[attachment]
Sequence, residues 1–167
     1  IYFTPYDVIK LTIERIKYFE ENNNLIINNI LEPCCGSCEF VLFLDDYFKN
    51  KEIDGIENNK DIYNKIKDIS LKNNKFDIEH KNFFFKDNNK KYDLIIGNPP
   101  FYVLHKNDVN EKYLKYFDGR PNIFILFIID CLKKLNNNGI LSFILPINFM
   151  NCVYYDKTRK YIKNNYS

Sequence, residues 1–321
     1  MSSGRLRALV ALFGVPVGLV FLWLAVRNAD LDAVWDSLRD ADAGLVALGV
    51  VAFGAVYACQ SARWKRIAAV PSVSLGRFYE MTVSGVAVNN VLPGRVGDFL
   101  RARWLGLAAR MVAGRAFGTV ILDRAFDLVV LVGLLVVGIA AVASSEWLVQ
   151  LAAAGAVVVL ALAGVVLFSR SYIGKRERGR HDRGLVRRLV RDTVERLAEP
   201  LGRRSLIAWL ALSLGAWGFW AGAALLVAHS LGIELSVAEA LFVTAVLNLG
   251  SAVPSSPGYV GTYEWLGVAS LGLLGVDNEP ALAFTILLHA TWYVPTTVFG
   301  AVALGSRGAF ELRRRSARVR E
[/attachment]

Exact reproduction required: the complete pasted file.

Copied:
Sequence, residues 1–167
     1  IYFTPYDVIK LTIERIKYFE ENNNLIINNI LEPCCGSCEF VLFLDDYFKN
    51  KEIDGIENNK DIYNKIKDIS LKNNKFDIEH KNFFFKDNNK KYDLIIGNPP
   101  FYVLHKNDVN EKYLKYFDGR PNIFILFIID CLKKLNNNGI LSFILPINFM
   151  NCVYYDKTRK YIKNNYS

Sequence, residues 1–321
     1  MSSGRLRALV ALFGVPVGLV FLWLAVRNAD LDAVWDSLRD ADAGLVALGV
    51  VAFGAVYACQ SARWKRIAAV PSVSLGRFYE MTVSGVAVNN VLPGRVGDFL
   101  RARWLGLAAR MVAGRAFGTV ILDRAFDLVV LVGLLVVGIA AVASSEWLVQ
   151  LAAAGAVVVL ALAGVVLFSR SYIGKRERGR HDRGLVRRLV RDTVERLAEP
   201  LGRRSLIAWL ALSLGAWGFW AGAALLVAHS LGIELSVAEA LFVTAVLNLG
   251  SAVPSSPGYV GTYEWLGVAS LGLLGVDNEP ALAFTILLHA TWYVPTTVFG
   301  AVALGSRGAF ELRRRSARVR E